“You should go to the Yamaha store and talk to Mr. Pianoman.” Can you sound reverent and superior at the same time? “He is the only one I would trust.” 

I have decided it would be cheaper to send my children to Julliard. With compound interest on what I would pay Mr. Pianoman, I can at least make it through their junior year.

My mantra, I will not cave to BMS (Burb’s Mommie Syndrom). I will not drink the kool-aid. Definition of BMS: the belief that a well rounded child must play like Mozart, translate Proust, solve quantum equations, be on the Olympic track in (pick whatever sport costs the most) and have their first gallery showing by eight.

I pile the kids into my gas efficient domestic, and drive to see Mr. Piano Man. We walk into the store and I bee-line to the piano primer books. It was like navigating Barnes and Noble. I look for help.

And there he was… the Piano Man. I was schlepping, I admit it. I had on my ball cap, rainbows, and cargos…. but hey, he has a comb over. Evidently, I didn’t deserve help from Maestro. I gather up some books and head to his desk. I wait, and wait…wishing now I had sprung for a manicure, so I could tap my french tips.  Seeing that I am not going to leave, he peers at me.

“Which book would you recommend as a basic piano primer.”

“Who teaches them?” a slight flicker of interest.

“I am going to.”

Superior sneer. “Oh…I see. Can you play?”

I blink. Really? Why would I try to teach something I can’t do. The door bell chimes from across the room. Through the windows I see a mom dragging her kids out of a black Denali. As her Manolo heels click across the marble floor, Maestro leaps like a gazelle to help her.

Suddenly, he stops mid stride and bellows. “Who is playing the piano?” I hear nothing.

Finally, I hear a quiet tinkle coming from the corner. A tinkle mind you, not a pound, not a slap….a tinkle. As he begins striding toward it, I see a shoe… dangling from a bench. I know that shoe.

“Oh. that’s my son.” I say proudly.

“Does he know how to play?”

I guess chopsticks doesn’t count. I look at the primer books in my hand. He looks at the primer books in my hand, level 1.

“That’s a 30,000 dollar piano. You need to leave and take him out of here.”

I look at the cheap Yamaha Chinese knock off. It is not 30 grand. He sneers. I raise my chin and stare him down…then snort with as much queenly air as my ball cap can muster.  “So I guess you don’t want my business then.”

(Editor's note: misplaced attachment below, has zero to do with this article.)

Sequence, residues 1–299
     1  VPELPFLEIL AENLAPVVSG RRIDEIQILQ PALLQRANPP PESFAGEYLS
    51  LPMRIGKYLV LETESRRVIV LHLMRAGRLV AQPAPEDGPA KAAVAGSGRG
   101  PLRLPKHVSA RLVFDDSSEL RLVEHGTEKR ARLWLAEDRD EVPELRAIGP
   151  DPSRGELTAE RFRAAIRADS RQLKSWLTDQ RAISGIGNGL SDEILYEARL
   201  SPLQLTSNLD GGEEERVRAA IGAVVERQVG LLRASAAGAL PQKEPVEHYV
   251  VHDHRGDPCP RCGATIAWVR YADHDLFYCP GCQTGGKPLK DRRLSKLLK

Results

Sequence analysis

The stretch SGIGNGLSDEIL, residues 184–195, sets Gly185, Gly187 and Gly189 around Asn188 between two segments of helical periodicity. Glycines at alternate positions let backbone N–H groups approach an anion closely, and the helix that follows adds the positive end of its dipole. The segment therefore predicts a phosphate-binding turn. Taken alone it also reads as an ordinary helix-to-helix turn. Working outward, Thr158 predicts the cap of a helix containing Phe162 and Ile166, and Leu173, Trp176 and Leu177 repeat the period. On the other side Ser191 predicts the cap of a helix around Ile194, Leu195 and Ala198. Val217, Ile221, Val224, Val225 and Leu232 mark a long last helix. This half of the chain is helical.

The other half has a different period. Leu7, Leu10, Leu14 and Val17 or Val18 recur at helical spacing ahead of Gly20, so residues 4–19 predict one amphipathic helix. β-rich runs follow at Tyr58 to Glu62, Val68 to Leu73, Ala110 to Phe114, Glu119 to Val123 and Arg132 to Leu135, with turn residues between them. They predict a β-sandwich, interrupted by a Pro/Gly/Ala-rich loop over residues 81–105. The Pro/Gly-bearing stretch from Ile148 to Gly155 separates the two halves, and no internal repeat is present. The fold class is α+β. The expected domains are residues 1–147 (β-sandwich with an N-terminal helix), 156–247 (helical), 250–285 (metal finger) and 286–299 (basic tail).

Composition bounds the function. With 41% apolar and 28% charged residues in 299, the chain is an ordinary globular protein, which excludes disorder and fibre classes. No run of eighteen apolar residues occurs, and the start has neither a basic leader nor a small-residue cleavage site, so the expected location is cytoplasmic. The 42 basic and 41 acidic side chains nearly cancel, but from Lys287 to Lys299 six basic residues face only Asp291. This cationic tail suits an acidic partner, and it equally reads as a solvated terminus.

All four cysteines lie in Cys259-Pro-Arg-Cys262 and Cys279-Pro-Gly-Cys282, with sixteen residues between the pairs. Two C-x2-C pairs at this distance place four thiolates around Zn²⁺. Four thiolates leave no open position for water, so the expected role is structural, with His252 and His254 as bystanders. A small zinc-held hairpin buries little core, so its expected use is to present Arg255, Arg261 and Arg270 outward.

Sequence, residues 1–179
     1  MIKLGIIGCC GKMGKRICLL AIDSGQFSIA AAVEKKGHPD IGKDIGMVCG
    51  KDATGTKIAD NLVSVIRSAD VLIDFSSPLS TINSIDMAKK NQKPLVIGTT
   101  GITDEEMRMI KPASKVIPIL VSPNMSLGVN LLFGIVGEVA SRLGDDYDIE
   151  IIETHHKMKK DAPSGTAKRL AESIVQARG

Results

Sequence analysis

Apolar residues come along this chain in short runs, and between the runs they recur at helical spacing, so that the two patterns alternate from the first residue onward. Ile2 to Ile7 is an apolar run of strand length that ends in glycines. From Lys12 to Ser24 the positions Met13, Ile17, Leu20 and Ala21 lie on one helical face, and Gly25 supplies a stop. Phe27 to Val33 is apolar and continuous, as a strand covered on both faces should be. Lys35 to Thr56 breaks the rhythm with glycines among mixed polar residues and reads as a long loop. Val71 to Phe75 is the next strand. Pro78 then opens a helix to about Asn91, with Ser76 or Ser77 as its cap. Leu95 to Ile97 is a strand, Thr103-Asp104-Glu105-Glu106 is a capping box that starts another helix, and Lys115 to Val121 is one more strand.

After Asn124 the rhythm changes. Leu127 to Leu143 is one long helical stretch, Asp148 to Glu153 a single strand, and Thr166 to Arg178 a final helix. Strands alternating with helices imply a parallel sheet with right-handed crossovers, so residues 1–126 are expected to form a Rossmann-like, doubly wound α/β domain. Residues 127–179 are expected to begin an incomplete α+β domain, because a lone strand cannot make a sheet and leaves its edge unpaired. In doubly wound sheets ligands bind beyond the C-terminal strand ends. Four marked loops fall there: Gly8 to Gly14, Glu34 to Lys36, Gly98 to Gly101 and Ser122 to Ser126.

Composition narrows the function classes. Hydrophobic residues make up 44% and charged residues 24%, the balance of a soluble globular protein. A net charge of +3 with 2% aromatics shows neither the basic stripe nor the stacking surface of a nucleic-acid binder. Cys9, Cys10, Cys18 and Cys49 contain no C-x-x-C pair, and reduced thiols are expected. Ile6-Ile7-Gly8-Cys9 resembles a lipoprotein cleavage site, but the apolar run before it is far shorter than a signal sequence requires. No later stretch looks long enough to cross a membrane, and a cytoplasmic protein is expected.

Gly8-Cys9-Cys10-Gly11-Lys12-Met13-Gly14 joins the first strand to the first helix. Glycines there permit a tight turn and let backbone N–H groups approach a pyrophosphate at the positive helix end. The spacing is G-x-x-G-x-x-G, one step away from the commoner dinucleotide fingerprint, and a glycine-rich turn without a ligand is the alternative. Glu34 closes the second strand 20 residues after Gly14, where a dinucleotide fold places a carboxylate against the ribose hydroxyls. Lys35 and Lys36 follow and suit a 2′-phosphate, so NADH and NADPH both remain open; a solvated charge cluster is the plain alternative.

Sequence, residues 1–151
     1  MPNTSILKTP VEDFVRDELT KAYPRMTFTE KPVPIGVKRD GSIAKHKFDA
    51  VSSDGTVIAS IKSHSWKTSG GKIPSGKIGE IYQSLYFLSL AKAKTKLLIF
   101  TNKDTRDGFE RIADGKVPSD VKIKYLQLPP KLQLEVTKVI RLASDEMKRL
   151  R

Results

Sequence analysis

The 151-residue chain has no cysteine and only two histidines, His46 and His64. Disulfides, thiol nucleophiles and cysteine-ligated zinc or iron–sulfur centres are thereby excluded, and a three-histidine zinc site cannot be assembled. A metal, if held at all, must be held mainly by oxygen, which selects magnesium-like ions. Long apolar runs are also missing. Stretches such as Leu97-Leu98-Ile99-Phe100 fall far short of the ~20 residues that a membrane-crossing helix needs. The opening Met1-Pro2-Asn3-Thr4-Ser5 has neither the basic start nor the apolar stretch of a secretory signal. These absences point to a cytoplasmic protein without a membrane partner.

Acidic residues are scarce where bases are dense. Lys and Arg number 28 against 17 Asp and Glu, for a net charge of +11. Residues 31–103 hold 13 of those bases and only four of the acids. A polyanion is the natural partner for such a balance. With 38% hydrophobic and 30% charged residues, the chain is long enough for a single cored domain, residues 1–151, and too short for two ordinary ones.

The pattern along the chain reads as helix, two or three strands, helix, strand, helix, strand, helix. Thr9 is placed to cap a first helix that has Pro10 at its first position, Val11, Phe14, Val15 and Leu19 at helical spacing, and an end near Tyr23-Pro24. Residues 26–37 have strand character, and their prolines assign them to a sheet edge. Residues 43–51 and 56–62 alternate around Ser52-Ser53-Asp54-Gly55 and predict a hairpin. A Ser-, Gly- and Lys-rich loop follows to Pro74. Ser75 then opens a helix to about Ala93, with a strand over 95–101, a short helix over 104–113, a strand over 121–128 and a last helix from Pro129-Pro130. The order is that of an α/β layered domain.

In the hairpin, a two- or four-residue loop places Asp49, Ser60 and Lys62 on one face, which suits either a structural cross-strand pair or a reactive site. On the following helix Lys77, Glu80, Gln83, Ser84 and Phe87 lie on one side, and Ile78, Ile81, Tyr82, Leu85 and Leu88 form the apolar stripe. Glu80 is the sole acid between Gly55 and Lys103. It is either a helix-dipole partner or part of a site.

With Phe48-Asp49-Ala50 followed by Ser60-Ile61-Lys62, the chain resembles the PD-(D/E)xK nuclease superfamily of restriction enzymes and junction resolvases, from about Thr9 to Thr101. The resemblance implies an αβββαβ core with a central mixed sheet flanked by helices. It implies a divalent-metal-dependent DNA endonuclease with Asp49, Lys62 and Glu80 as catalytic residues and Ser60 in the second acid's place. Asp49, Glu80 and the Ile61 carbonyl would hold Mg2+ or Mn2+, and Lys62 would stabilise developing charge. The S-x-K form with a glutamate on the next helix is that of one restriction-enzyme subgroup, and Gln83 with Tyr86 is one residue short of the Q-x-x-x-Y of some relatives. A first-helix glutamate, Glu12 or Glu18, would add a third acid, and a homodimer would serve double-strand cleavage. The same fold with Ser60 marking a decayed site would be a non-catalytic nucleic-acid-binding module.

“Not if it is going to ruin my piano.”

“To bad, because that is the model I was looking at buying.” I lied. I wouldn’t buy that cheap knock off.

He turned away, back to Mrs. Manolo’s.

I grab my children. Never will I darken those doors. I am calling Yamaha, I am calling the Chamber, I am calling my SMS. I hear a click on the marble and a rush of kids running past.

“But Mrs. Manolo’s, I didn’t mean YOUR children.”

“Evidently, you don’t know what kind of town you work in. We are child friendly here. You must not need the business… and it was a tinkle.”

Wow! I look at her. She blinds me her zoom whitened smile. “We moms need to stick together,” she says sliding into kid leather seats.

Evidently she must think I drank the kool-aid.

So, here is where you come in. Revenge….a dish best served cold. I am thinking of borrowing my brother-in-law’s convertible BMW, and sliding out of it in my Manolo’s and Armani. I am sure that Piano boy won’t recognize me. I am thinking of sitting at the real 30 grand piano, and playing him my first concerto. Ohhh, he will be so impressed. I will knock him over with my piano knowledge, and generally waste and hour or two of his time. Maybe I could borrow Heath for the day. I will sit in his pleather chairs, and decide to purchase it. Shocked, effusive, imaging the new car he will buy… I will start to hand over my credit card (To bad it’s not a black one…for true shock value) and then stop. I will look at him, as if trying to remember a distant memory….and as he grabs for my card…I will say. “I remember you now. Last week, you did not want my business. You wouldn’t let my son tinkle on your cheap, Chinese knock off piano and told us to leave. Then turn on heel, walk out,  and slide into my borrowed kid leather seats….

…hmmm….would it be so wrong? Accepting all comments…..